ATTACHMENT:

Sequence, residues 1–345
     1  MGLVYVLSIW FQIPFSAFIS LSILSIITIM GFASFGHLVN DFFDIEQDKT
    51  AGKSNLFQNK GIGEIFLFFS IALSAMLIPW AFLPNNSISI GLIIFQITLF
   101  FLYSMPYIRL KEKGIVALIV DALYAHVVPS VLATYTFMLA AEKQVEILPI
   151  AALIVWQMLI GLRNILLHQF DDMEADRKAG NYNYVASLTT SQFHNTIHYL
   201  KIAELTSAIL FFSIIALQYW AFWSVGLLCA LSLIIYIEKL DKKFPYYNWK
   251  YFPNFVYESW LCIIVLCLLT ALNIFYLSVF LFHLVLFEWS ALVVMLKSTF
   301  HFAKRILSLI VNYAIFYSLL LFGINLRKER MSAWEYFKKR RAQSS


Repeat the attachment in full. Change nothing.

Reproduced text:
Sequence, residues 1–345
     1  MGLVYVLSIW FQIPFSAFIS LSILSIITIM GFASFGHLVN DFFDIEQDKT
    51  AGKSNLFQNK GIGEIFLFFS IALSAMLIPW AFLPNNSISI GLIIFQITLF
   101  FLYSMPYIRL KEKGIVALIV DALYAHVVPS VLATYTFMLA AEKQVEILPI
   151  AALIVWQMLI GLRNILLHQF DDMEADRKAG NYNYVASLTT SQFHNTIHYL
   201  KIAELTSAIL FFSIIALQYW AFWSVGLLCA LSLIIYIEKL DKKFPYYNWK
   251  YFPNFVYESW LCIIVLCLLT ALNIFYLSVF LFHLVLFEWS ALVVMLKSTF
   301  HFAKRILSLI VNYAIFYSLL LFGINLRKER MSAWEYFKKR RAQSS